A 43-year-old Hamilton man allegedly used a poison-laced knife to stab his brother-in-law.
A supposedly sexist gorilla is getting kicked out of the Dallas Zoo after 18 years.
by German Lopez
Local green power cancels out emissions from nearly 60,000 cars
Cincinnati officials announced on Tuesday that the city
had won a 2013 Green Power Leadership Award from the U.S. Environmental
Protection Agency (EPA) because of local efforts to draw down dirty
energy production and replace it with clean sources.
The Cincinnati area currently produces nearly 408 million kilowatt-hours
through green energy sources, which is enough to cancel out nearly
60,000 cars’ emissions and meet 14 percent of the community’s purchased
electricity use, according to city officials.
“EPA is pleased to recognize the Cincinnati, Ohio
community with a Green Power Community of the Year award for its
leadership and citizen engagement in dramatically increasing its use of
green power,” said EPA Administrator Gina McCarthy in a statement. “We
applaud Cincinnati’s residents, businesses and organizations for
choosing green power that will help address climate change and support a
clean energy future.”
To commemorate the award, Mayor Mark Mallory unveiled a
Green Power Community sign at the Cincinnati Zoo, which installed solar
panels on its parking lot in 2011 and became one of the region’s leading
clean energy producers.
The Cincinnati Zoo’s project is one of the many
developments that led advocacy group Environment Ohio to declare that
Cincinnati could become the solar capital of the region.
Cincinnati also adopted an aggregation program in 2012,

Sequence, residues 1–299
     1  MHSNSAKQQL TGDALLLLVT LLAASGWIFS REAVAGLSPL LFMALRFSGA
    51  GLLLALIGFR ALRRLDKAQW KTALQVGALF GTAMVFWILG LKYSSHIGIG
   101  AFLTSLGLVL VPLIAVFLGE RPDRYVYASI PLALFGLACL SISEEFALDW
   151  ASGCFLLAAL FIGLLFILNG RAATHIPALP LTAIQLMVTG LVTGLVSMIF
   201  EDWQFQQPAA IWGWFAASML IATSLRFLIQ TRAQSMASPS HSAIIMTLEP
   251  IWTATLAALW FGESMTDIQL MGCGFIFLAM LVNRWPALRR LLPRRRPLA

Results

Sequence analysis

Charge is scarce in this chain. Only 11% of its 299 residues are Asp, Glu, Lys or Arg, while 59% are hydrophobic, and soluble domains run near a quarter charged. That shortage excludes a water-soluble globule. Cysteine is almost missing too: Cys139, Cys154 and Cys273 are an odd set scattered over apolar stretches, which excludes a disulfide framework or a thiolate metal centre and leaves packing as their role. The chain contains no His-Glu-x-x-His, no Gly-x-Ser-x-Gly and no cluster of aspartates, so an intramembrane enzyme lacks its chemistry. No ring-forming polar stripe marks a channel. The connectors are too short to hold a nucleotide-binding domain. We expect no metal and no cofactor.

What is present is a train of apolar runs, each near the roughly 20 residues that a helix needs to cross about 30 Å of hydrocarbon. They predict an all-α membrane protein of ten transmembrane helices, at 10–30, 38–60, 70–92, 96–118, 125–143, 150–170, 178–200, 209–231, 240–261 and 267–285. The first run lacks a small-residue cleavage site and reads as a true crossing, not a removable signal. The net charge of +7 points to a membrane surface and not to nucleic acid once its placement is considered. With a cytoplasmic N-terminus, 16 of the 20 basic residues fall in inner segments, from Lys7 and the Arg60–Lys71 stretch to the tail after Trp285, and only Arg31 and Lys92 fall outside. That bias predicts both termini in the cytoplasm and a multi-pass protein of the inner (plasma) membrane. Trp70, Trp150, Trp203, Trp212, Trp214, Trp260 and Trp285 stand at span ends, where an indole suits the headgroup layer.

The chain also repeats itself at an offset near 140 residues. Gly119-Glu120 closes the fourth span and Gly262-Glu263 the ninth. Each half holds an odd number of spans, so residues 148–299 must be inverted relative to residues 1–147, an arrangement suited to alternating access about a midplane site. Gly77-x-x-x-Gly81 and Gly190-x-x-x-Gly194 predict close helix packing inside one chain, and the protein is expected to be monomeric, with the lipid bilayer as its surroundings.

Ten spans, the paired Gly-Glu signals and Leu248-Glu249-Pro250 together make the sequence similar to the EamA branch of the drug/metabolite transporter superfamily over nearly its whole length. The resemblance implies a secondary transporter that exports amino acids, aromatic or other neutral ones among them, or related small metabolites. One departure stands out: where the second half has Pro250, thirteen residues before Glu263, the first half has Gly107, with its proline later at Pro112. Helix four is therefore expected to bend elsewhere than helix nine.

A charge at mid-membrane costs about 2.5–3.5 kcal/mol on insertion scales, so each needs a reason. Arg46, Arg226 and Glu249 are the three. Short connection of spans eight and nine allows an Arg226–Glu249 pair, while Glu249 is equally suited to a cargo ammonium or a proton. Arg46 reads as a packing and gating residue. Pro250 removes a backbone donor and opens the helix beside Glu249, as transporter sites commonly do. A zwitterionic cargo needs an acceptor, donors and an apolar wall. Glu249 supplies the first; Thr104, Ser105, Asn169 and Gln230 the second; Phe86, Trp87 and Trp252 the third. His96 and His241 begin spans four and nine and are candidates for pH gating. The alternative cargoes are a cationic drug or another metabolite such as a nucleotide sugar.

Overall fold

which supposedly allows residents and small businesses to get lower
electricity prices through 100 percent green power.
On June 14 and again on Sept. 1, the EPA ranked the Cincinnati area No. 6 in the nation
for locally purchased green power. The June ranking made Cincinnati the
first Green Power Community in Ohio and surrounding states.
The city administration says Cincinnati’s successes have
pushed other cities, including Cleveland and Chicago, to pursue their
own clean energy efforts.
In Ohio, state Republicans, led by State Sen. Bill Seitz of Cincinnati, appear ready to adopt looser environmental regulations after months of lobbying from Akron, Ohio-based utility company FirstEnergy.
Seitz is a member of the American Legislative Exchange Council, which is attempting to weaken energy and environmental regulations across the country.
A report from the Ohio State University and the Ohio
Advanced Energy Economy found Seitz’s proposal would cost Ohioans $3.65
billion on electricity bills over the next 12 years.
by German Lopez
A performance audit for the Cincinnati Service Department
could save the city $3.7 million. The audit claims $2 million could be
saved every year if the city privately contracted solid waste collection
and street sweeping. An additional $1.7 million could be saved if the
city reduced overtime, sick leave and staffing levels. Along with other recommended savings measures, the changes could
amount to 7.9 percent of Cincinnati’s budget.
Trayvon Martin’s parents will be visiting Cincinnati today to
take part in the national conference hosted by the Children’s Defense
Fund. The conference will target violence and race-related issues.
Procter & Gamble and the U.S. Environmental Protection Agency
have teamed up to improve environmental sustainability at manufacturing
facilities and supply chains.
The worst U.S. drought in half a century is putting pressure on
oil and gas companies to recycle and conserve water used for fracking.
Fracking uses millions of gallons of water to free oil and gas from
underground rock formations.
Gay marriage has generated $259 million in economic activity in New York City.
The Congressional Budget Office said repealing Obamacare would increase the deficit by $109 billion.
Voters sometimes punish politicians for bad weather.
Some scientists are saying the plot of The Amazing Spider-Man might not be too far off from reality.
0 Comments · Wednesday, April 22, 2009
As Earth Day arrives once again, it's comforting to know that our political leaders are safeguarding the environment for future generations. Take U.S. Rep. John Boehner, the pride of Southwestern Ohio. He says the climate changes all the time, people breathe and cows do what they do. Hey, shit happens — literally — so stop worrying.